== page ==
by Dan Lorts (STEM-Trek Blogger and HPC Advocate)
Well Monday at SC18 started off in typical fashion; I arrived late, thanks to lovely Dallas traffic and the fact that everyone forgets how to drive when it’s raining.
I checked in after walking a ‘short’ distance, which at the Dallas Convention Center is a hike at times, and was greeted by a conference center employee who, because I was using my cane, took me straight to the front of the registration desk and promptly checked me in without any problems.
Then there was the first major decision everyone must make at SC18…which lanyard was I going to pick up and use for my badge? It is a tough decision (not enough scientific data…). I picked up two; Micron and Cray since they were kind to support STEM-Trek’s SC delegation this year.
Another attendee was having the same difficulties and so I explained that I picked up two so that I have a backup…she liked that justification and grabbed two herself. If there are any remaining at the end of the show I may need some additional “backups.”
I made my way to the meeting rooms where the tutorials were being held. Prior to SC18, I had gone through the schedule options (which is not an easy chore) and chose to initially sit in on the “Application Porting and Optimization on GPU-Accelerated POWER Architectures” tutorial. The room was about 75 percent full. Approximately 50 percent were working on their laptops. Most were following a login to the POWER9 enabled supercomputer, Ascent (Fig 1) at Oak Ridge National Lab (handout with account creation instructions provided upon entering the room). The sample program they were using for the hands-on exercise was the Jacobi problem (Fig 2).
The presenter walked everyone through the implementation of the algorithm. As we worked on the problem, he presented a slide comparing the computational measurements of the POWER9 components of ASCEND) and also the Tesla V100 components from NVIDIA (Fig 3).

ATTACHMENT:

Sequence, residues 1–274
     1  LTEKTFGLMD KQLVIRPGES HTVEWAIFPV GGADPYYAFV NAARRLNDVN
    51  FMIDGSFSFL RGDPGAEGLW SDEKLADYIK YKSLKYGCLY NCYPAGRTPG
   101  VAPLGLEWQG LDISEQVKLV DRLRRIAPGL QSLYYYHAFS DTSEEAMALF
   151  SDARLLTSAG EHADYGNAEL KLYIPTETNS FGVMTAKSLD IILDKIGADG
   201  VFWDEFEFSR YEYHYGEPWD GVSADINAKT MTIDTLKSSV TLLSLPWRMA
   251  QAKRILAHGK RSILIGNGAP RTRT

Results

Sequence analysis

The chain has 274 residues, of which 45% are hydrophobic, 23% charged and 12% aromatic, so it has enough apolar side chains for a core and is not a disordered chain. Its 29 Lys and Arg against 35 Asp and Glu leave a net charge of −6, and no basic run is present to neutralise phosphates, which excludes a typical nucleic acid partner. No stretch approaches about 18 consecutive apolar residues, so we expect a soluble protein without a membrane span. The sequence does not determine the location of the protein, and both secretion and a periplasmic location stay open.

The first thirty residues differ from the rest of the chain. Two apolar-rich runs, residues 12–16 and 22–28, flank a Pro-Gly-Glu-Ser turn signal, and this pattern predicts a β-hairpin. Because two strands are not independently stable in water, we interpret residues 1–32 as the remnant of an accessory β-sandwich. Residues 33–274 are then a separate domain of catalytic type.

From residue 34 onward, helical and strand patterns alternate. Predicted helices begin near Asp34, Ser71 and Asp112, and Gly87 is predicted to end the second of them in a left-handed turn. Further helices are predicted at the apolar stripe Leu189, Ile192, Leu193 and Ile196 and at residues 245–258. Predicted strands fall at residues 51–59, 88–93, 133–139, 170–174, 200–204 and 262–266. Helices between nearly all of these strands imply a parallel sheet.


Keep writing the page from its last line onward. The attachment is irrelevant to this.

It was interesting to note, from Fig. 1, that if a person only looked at the number of cores a particular processor contains they would totally think that the more cores a device has that the higher its performance. This simpleton approach was appropriate back in my days of the dinosaurs when the maximum number of processors a device contained could be counted on one hand. Today, with higher levels of integration, each core of a multicore device has multiple cores itself and at some point the hierarchy will only get deeper.
One final note of interest, at least to me it was interesting, was the level of detail that chip manufacturers have integrated into the device for performance monitoring. An example providing some of the internal performance counters of the POWER9 is shown in Fig 4. It was mentioned by the presenter that there has always been ‘internal registers and functionality’ within the device but it was primarily for diagnostic purposes during the development. A user was satisfied with the external APIs to determine performance such as ‘printf’ statements and ‘wall clock’ measurements because the devices weren’t that high performance and these tools were sufficient. Now that the devices are much more complicated and run at higher speeds, we must allow measurements further down into the metal, as they say.
Cover image from the Dallas Kay Bailey Hutchison Convention Center.
Watch UbuntuHouse@SC18 sponsors’ and friends’ websites to see what they will be doing at SC18!